Your Price is Too High

“Your price is too high.”

What do you say?

Most salespeople try to overcome this objection by saying things like this:

“I understand. In fact, I had two other customers just like you who were uneasy about the price at first. But what they found was … ”

“The best products are often more expensive.”

“It might seem expensive for one day, but let’s break it down by month/quarter.”

Responses like these destroy your credibility because prospects can smell your commission breath. They know you have a vested interest in talking them into buying.

The problem is the word “into”.

Talking people into things doesn’t work.

Try talking someone into changing their political view and they dig their heels in even deeper. It’s called the backfire effect.

What’s the way out?

Make a small 2mm mindset shift.

Downshift from 5th into neutral.

Let go of moving the sale forward.

When you slow down you can view objections as somethiing to understanding rather than something to overcome.

Remember your mantra:

“I’m not for everyone.”

Here’s what that might sound like.

“Your price is too high.”

Mirror (Chris Voss)
Salesperson: “I’m sorry too high?”

Prospect: “Yes, it’s out of our budget.”

SP: “Price aside, do you have other concerns?”

Prospect: “No, just the price.”

Label with a menu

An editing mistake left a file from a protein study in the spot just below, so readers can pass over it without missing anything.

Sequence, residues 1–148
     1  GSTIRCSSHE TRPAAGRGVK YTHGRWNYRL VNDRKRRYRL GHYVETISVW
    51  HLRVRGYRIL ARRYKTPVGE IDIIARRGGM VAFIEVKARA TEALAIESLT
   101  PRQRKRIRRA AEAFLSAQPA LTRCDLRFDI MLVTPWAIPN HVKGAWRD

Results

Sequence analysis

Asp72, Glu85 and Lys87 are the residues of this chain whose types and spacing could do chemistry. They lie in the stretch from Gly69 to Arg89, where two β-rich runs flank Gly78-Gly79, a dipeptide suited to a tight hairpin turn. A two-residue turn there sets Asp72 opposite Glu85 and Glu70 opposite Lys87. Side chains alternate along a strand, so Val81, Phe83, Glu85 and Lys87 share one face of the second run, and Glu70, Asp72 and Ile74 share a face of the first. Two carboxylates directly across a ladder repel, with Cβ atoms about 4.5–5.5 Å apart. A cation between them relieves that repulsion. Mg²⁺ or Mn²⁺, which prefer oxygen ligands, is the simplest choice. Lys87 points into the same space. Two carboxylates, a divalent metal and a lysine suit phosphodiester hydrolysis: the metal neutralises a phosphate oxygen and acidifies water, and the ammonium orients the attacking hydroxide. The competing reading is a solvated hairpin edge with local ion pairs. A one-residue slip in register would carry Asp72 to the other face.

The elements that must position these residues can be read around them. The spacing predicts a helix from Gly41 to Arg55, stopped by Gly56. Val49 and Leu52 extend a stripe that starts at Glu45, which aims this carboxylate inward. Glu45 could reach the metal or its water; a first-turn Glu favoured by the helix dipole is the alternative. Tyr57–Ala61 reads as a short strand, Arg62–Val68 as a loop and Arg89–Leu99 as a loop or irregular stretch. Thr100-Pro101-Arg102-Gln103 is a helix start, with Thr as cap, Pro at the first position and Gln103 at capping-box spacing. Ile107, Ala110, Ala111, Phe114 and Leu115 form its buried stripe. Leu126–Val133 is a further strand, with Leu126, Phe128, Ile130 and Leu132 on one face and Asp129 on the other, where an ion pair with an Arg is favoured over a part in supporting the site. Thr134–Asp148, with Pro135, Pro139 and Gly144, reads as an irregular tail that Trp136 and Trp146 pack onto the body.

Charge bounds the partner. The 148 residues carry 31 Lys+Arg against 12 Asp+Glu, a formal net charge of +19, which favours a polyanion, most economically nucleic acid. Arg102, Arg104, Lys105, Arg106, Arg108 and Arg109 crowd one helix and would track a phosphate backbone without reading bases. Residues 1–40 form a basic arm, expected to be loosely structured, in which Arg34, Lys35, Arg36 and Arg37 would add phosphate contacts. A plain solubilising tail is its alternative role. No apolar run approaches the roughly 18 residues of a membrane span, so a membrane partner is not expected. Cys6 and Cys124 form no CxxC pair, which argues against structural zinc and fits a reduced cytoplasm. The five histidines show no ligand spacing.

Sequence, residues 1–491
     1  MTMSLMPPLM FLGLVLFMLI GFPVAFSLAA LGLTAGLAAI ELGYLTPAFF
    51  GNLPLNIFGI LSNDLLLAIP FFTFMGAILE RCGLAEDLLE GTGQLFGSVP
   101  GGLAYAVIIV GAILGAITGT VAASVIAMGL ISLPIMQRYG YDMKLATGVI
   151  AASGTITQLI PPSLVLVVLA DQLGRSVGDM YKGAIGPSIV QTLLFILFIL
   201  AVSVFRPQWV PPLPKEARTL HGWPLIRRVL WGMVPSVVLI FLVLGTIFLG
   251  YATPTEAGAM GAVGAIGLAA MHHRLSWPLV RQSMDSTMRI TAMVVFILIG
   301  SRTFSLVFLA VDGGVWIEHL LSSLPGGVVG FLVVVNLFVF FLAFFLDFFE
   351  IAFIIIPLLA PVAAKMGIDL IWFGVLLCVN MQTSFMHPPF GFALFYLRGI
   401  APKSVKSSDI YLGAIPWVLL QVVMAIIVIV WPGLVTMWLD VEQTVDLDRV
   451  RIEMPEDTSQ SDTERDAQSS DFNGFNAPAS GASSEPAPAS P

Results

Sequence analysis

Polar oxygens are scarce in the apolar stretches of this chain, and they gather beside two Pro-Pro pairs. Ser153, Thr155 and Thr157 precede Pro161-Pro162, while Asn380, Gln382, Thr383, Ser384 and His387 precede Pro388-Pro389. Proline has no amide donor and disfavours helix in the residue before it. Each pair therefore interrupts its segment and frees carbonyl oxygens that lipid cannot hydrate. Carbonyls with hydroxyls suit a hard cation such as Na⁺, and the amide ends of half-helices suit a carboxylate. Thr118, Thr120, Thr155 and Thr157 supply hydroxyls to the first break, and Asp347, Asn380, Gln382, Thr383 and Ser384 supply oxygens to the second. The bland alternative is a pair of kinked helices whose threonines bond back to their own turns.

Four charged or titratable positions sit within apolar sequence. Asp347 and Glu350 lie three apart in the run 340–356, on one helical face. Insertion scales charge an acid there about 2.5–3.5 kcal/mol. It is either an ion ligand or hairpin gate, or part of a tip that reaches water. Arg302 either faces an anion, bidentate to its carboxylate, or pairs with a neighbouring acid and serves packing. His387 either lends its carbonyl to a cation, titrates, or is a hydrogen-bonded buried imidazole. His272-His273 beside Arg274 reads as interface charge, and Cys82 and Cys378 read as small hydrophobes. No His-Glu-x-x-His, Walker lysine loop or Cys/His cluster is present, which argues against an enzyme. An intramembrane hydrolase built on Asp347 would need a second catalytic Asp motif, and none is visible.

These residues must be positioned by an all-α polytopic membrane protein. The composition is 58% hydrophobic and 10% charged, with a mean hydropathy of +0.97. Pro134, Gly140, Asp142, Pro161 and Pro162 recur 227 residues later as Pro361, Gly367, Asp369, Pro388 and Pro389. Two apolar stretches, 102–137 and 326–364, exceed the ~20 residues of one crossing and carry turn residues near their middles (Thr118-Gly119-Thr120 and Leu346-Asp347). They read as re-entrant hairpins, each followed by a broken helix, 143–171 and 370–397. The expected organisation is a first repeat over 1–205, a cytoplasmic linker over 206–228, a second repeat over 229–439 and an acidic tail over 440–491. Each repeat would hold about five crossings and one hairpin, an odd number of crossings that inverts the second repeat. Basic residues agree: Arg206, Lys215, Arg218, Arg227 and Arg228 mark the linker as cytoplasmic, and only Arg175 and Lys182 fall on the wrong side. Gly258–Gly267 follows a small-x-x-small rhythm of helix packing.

SP: “It sounds like we’re more than you expected, more than other options you’re reviewing, or perhaps more than you’re currently paying.”

Prospect: “Yes, your competitors are 15% less.”

Calibrated question (Voss)
Salesperson: “Just out of curiosity, what’s prompting you to look at us?”

Prospect: “Well they don’t integrate with our e-commerce site so we’d need to import data manually.”

Surface the cost of doing nothing.
SP: “How much does not having integration cost?”

Prospect: “About 10 hours of engineering per month.”

SP: “How would it work during those times when engineering can’t get to it because of competing priorities?”

Prospect: “We’d need to bring on a freelancer.”

SP: “What do they run? $75/hr? $100/hr?

Prospect: “About $75”

SP: “Sounds like $750/month.”

Prospect: “Yeah, but engineering is usually available.”

SP: “Sounds like it makes sense for you to manually import the data.”

Prospect: “What we’d really like is a 15% discount.”

Calibrated question
SP: “Thanks for considering us. How am I supposed to do that without reducing functionality?”

Prospect: “Just give us the premium version for 15% off.”

SP: “I’m sorry, that’s something I simply can’t do.”

Prospect: “Let me get back to you.”

The takeaway?


Moving with objections not against them.

People can’t play tug-of-war if you’re not tugging.

Verbal aikido.

The joy of selling happens when you realize you’re not for everyone.

Learn how to elegantly defuse objections in the comments.